Tyres and security on the road - Neglected tyres cause fewer road deaths in 2012

Neglected tyres cause fewer road deaths in 2012

Security Published the 18/10/2013 by Connor

Each year, the Department for Transport publishes its annual report on road accidents in Great Britain for the previous year. The 2012 results are slightly better for the number of serious accidents due to neglected tyres, but this parameter remains a concern when looking at the annual road accident statistics.

Motorway traffic in England The British Department for Transport has published its 2012 report on road accident causes: Used tyres are one of them - Copyright © : iStockphoto.com/rezulteo.com

In 2012, neglected tyres cause fewer deaths and serious injuries

Let’s start with the good news, published in this in depth report of all road accidents in Great Britain in 2012. Compared with the same report for 2011, the number of serious accidents caused by neglected tyres is slightly down; from 28 deaths in 2011, dropping to 25 deaths in 2012. The same is true for the number of serious casualties for these two periods: In 2011, 177 people were seriously injured in road accidents caused by neglected tyres, compared with 169 in 2012. Unfortunately, this drop cannot be generalised to all accidents in the country, particularly accidents where people suffered minor injuries and those where no personal injury was reported.


The total number of accidents caused by tyres has risen

In 2012, fewer deaths and seriously injured casualties were recorded due to poorly maintained or improperly used tyres. But, if all other accidents or less serious human consequences are added, the result is nowhere near as good. In 2011, 931 people were slightly injured in tyre related accidents. In 2012, this number has risen to 1044. Same remark for the total number of tyre related accidents which have risen to 1238 compared with 1136 in 2011. On the whole, drivers have made no progress on the importance of tyres for road safety. This is also reflected in the percentage represented by accidents caused by unsuitable or improperly used tyres of the total number of accidents: Regardless of the level of severity, the percentages are the same as in 2011 (2% of fatal accidents are caused by tyres, 1% for serious injury accidents, 1% for slight injury accidents and 1% for the total number of accidents). Results are even worse if we look at the number of accidents caused by tyres for cars only (and not lorries), with 628 cars involved in 2012 compared with 581 in 2011.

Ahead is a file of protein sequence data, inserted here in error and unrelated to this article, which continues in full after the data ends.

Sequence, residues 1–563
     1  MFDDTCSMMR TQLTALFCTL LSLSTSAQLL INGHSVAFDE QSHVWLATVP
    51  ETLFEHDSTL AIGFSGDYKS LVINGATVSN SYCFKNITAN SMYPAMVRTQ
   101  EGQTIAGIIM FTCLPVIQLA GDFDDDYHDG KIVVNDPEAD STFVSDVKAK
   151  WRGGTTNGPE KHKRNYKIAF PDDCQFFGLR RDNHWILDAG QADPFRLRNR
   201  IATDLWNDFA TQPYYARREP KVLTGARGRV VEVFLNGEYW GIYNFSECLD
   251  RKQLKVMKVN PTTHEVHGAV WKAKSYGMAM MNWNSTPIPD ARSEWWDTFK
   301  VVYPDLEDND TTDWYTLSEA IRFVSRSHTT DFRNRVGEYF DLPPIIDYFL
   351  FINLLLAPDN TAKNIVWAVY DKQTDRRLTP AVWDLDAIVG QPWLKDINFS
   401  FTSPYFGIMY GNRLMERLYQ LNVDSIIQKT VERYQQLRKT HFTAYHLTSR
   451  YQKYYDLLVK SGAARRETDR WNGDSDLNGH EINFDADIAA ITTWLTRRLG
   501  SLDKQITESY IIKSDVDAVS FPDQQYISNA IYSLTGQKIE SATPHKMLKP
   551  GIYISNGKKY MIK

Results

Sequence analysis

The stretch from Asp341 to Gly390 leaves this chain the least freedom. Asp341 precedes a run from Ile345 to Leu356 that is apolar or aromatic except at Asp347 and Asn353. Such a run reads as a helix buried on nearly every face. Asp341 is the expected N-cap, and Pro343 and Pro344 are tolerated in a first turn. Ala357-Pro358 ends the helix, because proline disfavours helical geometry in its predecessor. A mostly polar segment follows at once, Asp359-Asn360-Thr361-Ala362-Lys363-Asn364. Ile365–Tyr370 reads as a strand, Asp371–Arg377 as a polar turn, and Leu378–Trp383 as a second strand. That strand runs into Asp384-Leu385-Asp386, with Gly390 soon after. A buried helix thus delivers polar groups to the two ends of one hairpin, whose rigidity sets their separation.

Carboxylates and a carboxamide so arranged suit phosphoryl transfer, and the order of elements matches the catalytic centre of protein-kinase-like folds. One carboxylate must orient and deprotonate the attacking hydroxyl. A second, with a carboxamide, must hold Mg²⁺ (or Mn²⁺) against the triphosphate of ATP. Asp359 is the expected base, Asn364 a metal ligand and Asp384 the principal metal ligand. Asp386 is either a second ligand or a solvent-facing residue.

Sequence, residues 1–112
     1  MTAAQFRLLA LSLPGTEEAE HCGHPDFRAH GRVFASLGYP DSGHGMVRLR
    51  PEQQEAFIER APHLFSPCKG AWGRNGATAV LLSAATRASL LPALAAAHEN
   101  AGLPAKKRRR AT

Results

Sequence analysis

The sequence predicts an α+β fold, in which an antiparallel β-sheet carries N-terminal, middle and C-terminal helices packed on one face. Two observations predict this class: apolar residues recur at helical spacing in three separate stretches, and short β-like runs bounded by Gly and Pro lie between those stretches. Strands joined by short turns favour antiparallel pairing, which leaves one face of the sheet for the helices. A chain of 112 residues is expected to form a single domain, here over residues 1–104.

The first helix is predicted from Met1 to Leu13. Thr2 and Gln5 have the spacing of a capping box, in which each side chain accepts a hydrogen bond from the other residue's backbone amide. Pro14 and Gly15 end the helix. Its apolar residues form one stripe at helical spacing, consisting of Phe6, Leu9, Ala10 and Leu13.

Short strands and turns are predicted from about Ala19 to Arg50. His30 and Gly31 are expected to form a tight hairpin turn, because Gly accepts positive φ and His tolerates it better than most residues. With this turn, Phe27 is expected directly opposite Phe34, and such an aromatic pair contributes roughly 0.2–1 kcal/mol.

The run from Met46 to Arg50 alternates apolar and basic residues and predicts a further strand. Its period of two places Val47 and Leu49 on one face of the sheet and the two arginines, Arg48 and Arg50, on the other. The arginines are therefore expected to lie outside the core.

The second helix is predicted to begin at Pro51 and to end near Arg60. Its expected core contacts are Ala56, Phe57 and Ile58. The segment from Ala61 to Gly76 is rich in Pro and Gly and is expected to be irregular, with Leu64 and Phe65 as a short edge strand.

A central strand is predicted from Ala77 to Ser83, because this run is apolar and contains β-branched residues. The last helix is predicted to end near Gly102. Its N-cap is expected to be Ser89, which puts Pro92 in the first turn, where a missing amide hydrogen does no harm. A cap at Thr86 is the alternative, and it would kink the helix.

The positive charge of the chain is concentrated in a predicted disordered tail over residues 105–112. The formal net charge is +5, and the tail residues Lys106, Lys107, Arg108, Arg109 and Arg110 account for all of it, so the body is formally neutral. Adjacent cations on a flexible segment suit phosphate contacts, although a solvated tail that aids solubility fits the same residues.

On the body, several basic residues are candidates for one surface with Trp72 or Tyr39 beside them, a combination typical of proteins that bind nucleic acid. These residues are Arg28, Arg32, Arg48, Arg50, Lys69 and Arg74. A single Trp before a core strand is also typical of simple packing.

Be careful with your tyres

These new statistics remind us of the importance of the use of tyres on cars. There is no need to point out the disastrous consequences a tyre blow out, or a badly maintained car can have, if a driver is forced to swerve. Unfortunately, these consequences figure in the number of deaths and serious injuries recorded each year.

So to stay safe, here is a reminder of which criteria should be checked on tyres.



Regularly check the tread has not worn down to the wear indicators and that there are no cuts or deformations in sidewalls.



This is the point most often overlooked by European drivers, as has been shown in some recent studies. Remember that a severely under-inflated tyre can burst at high speed, can lead to higher fuel consumption and the vehicle may be difficult to control when cornering. The recommended pressure can be found inside vehicles (generally, on the door post); don’t forget to add more air (0.2 bar or 0.3 bar) when driving a heavily loaded vehicle.


Conditions of use

Each tyre is designed to be used under specific conditions. “Summer” tyres are used most often but become less efficient when temperatures drop, in which case it is better to fit “winter" tyres to keep control of the vehicle, especially if there is snow or ice on the road. And when temperatures rise, the opposite is true: “Summer” tyres offer better handling, they consume less fuel and wear less quickly.